Plaintiffs’ attorneys, like politicians, rarely let a good crisis go to waste. Digital crises, such as data-breach and hacking events, are no exception.
Defendants in data-breach-related lawsuits, however, have had a great deal of success beating back consumer-harm claims with motions to dismiss challenging plaintiffs’ lack of standing to sue. As in many of the food-labeling class actions that helped pave the way for data-breach suits, it is often hard for plaintiffs to identify any way that they were actually harmed—because typically they weren’t.
Some data-breach plaintiffs have begun to claim injury based on “overpayment.”Essentially, such plaintiffs argue that the seller of a good or service they purchased explicitly or implicitly promised protection of their personal information. That protection, the plaintiffs argue, is a part of the purchase price, and when sellers fall victim to malicious data hackers, consumers don’t get the full benefit of the money they paid for the product, i.e., they overpaid. Outside of the data-breach context, plaintiffs have attempted a similar harm theory in food– and beer– labeling class actions where they have claimed product labels omitted information which, had purchasers known, would have reduced the value of the product to them. Thankfully, in the world of data breaches, this overpayment theory has seen mixed results.
In one set of cases, plaintiffs have sued brick-and-mortar stores and restaurants after the credit and debit card numbers they used to purchase products from those establishments were stolen. Courts have explained that because the data breach affected the processing of the buyers’ payment, not the purchased product itself, data security was not a benefit of their bargain. Put another way, the goods that the plaintiffs received were not diminished as a result of the data breach because the two were unrelated. Therefore, they did not overpay for them.
Conversely, courts have upheld the overpayment theory of harm when the product plaintiffs purchased—online subscriptions—were governed by terms of service that included data-security obligations because the plaintiffs could plausibly allege that they considered the value of the terms of service in purchasing their memberships.
These two lines of cases intersected in a recent decision, In re VTech Data Breach Litigation. VTech Electronics sells internet-enabled educational toys for young children. Its products, which include tablet computers and other handheld electronics, can connect to VTech’s online store from which customers can download additional games, books, and music for their children’s toys. All VTech products function without connecting to the online store or downloading additional content. In order to access the store, parents need to create an account, thereby providing personal information, and agree to VTech’s terms and conditions, which include VTech’s promise of data security. In 2015, hackers accessed the online store’s database and stole the personal information of millions of VTech’s customers. In response, the plaintiffs filed a putative class action against VTech for failing to fulfill its security commitments, alleging that they received a less valuable product from VTech than they had purchased.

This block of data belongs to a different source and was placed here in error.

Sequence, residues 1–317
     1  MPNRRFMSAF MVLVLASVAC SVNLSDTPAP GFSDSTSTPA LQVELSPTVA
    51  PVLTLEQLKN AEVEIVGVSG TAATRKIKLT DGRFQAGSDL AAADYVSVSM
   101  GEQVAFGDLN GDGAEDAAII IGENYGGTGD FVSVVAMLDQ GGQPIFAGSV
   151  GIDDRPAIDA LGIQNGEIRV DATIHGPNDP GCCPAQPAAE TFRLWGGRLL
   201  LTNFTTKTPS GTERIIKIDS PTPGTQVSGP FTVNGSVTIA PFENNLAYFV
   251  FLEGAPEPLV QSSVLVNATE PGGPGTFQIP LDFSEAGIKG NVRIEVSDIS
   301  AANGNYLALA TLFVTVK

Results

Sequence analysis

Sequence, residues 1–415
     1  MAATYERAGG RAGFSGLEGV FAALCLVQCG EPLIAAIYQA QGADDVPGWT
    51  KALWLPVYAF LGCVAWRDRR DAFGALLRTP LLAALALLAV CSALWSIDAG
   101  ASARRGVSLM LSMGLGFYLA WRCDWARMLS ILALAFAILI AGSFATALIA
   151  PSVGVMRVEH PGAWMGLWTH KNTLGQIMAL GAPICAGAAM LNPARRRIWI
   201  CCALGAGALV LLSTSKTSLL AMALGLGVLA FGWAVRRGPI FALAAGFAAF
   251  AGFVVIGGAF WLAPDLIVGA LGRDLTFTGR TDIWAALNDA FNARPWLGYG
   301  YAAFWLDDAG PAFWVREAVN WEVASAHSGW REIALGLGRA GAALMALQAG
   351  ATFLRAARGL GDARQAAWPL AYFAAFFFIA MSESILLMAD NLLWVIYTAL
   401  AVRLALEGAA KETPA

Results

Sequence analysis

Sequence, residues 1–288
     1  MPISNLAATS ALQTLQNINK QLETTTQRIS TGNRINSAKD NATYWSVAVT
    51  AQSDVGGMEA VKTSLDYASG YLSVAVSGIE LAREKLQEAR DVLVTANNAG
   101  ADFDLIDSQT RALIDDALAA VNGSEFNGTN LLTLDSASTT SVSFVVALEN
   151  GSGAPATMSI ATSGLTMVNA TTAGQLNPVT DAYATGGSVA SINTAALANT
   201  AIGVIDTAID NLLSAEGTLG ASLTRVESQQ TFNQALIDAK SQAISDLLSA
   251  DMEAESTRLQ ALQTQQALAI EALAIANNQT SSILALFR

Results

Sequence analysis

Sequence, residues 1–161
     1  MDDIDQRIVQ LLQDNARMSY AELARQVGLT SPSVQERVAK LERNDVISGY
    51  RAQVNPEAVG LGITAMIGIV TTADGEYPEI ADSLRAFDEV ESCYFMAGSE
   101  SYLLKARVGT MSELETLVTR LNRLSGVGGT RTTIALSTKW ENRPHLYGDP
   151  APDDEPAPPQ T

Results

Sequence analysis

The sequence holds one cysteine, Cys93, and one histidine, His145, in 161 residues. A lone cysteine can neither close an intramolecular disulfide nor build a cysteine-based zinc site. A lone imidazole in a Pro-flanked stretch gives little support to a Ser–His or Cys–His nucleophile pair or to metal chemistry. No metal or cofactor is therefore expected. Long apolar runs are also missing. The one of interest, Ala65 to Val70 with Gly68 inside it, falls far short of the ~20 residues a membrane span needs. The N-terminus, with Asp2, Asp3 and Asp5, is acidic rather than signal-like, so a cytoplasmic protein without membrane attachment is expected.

In its defense, VTech brought a motion to dismiss for lack of standing and failure to state a claim predicated on refuting plaintiffs’ injury theory. Citing the brick-and-mortar cases outlined above, VTech argued that the plaintiffs conducted two separate transactions: the first was to purchase VTech’s physical product, while the second was to register for VTech’s online services. The plaintiffs paid for the first transaction, while the data breach affected only the second. Therefore, the plaintiffs’ payment had no relation to the data breach.
The court rejected this argument as to standing; as described above, theoretically, the plaintiffs would have suffered an economic injury had they bargained for a more valuable product than they acquired. This theoretical injury satisfies Article III, the court held. However, when applying a failure-to-state-a-claim standard, the court agreed with VTech’s two-transaction theory. Ultimately, the court concurred that VTech essentially sold a physical product which could, but must not, be supplemented by a free online service. Without affirmative evidence that both parties anticipated data protection as part of the plaintiffs’ purchase price, the plaintiffs could not establish an overpayment injury. Finding none, the court granted VTech’s motion to dismiss.
While VTech was able to end the lawsuit on its motion to dismiss, the case also demonstrates how vulnerable the overpayment theory of harm is to arguments against class certification. The overpayment theory necessarily assumes that each and every member of the class made an individual decision that the subject product was only worth its purchase price because of the defendant’s data-security features. Such personal and individualized findings of fact ordinarily should preclude certification. Even if plaintiffs can adequately allege an overpayment injury, they will need to seek redress individually.
The entire purpose of litigation is to redress the injuries of an aggrieved party. The assumption that the suing party has actually been injured is implicit. So-called consumer-protection litigation can only be justified when it actually seeks to mitigate the harm suffered by consumers. Otherwise such lawsuits are just a tax on corporations and a means to enrich plaintiffs’ attorneys. In the case of data-breach lawsuits, it is important for courts to fastidiously police the injury-in-fact requirements, whether under Article III or 12(b)(6), to ensure that only injured parties can collect.
Also published by Forbes.com on WLF’s contributor page.